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Why Is The pH Level For Vegetables Important?

Getting the soil pH level for vegetables right is a crucial but often overlooked aspect of gardening. Read on to find out the ideal pH range for vegetables.

In this article you will learn:

  • Why pH level for vegetables is important.
  • What is the best pH level for vegetables?
  • How to test and adjust your soil pH level for vegetables.

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Why Is The pH Level For Vegetables Important?

The pH of the soil is a measure of its acidity or alkalinity on a scale of 0 to 14. The closer to 0 the pH is, the more acidic the soil, and vice versa for alkalinity, while 7 represents a neutral pH.

The soil pH level for vegetables is important since it affects the availability of most nutrients essential to healthy plant growth. The pH level also impacts the beneficial activities of microbes in the soil.

If soil pH is too acidic, then plants have difficulty absorbing nutrients, especially phosphorus. If soil pH is too alkaline, then it becomes deficient in nutrients such as copper, iron, manganese, and zinc.

In either case, vegetables will be unable to get the nutrients they need to grow, so they will appear stunted with yellowed leaves and will be unlikely to flower.

What Is The Best pH Level For Vegetables?

The best soil pH level for vegetables to grow healthy and abundant should be slightly acidic, ranging between 6 and 7. A pH of 6.5 is ideal for many vegetables.

However, plenty of vegetables can tolerate a pH that is a little more acidic or alkaline than this, between 5.5 and 7.5, but if your soil pH is above or below these levels then some form of soil treatment will be necessary to establish a conducive growing environment.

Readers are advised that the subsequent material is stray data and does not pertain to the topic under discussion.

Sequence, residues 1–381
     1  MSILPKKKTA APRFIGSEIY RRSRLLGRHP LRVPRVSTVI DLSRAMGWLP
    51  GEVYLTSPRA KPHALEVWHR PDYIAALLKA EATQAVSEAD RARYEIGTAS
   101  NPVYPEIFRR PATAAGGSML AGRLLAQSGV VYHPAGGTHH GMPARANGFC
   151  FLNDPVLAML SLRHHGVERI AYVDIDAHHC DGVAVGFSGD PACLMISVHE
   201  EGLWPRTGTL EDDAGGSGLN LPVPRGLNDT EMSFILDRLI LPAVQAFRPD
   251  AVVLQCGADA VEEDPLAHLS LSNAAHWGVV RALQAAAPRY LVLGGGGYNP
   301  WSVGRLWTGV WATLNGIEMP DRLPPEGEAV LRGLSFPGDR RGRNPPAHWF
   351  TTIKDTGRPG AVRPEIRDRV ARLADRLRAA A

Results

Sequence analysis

Here's a quick guide to the ideal pH level for vegetables that are commonly grown:


Ideal pH Range


6.5 – 7.5


6.0 – 8.0


6.0 – 7.5


6.0 – 7.0


6.0 – 7.5


5.5 – 7.0


5.5 – 7.5


6.0 – 7.0


5.5 – 7.5


5.5 – 7.5


6.0 – 7.5


6.0 – 7.0


6.0 – 7.0


5.5 – 7.5


6.0 – 7.5


4.5 – 6.0


5.5 – 7.5


6.0 – 7.5


5.5 – 7.5


5.5 – 7.0

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How To Test Whether Your Soil Has The Optimal pH Level For Vegetables

Testing soil pH level for vegetables is fairly straightforward and inexpensive to do by yourself.

There are two main options: using a paper litmus test or a digi pH pen.

The litmus approach uses a strip of paper soaked in a special dye. Mix a small sample of soil in water then wet the litmus paper with it. It will change colour corresponding to an accompanying chart that indicates the pH level.

With a digi pH pen, you simply stick the probe end into the soil and wait for a reading on the screen. It’s therefore an easier and more accurate method.

Whichever approach you choose, be sure to use several samples from across your garden and make sure those samples are taken below the immediate topsoil.

Can I Adjust The Soil pH Level For Vegetables?

If your soil is either too acidic or too alkaline, there are several simple ways you can adjust it although they can take at least several months to achieve an appropriate pH level for vegetables.

For very acidic soils, you should consider using organic products specially-formulated to raise pH, such as BAC’s pH+ which contains a strong concentration of caustic potash. If, however, the soil is only slightly acidic you could use calcium-based matter such as lime, wood or dolomite.

For very alkaline soils, BAC’s pH-, which contains phosphoric acid, is a very effective way to lower pH. If you only need to lower the pH by a small amount, then you could use powdered sulphur, pine needles, or even wood mulch. Organic matter is acidic when broken down, but be aware that lowering pH generally takes more time than raising it.

pH Level For Vegetables: Key Takeaways

  • Soil pH level is important as it affects the availability of essential nutrients for vegetables.
  • The best pH level for vegetables is between 6 and 7, although most vegetables can tolerate slightly more or less than this.
  • When the soil is above pH 7.5 or below 5.5, then the soil pH level needs to be adjusted for most vegetables to grow healthily.
  • It is easy to test and adjust soil pH levels, but it can take several months for any changes to take effect.


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The Netherlands

T +31 (0)182 - 687 530
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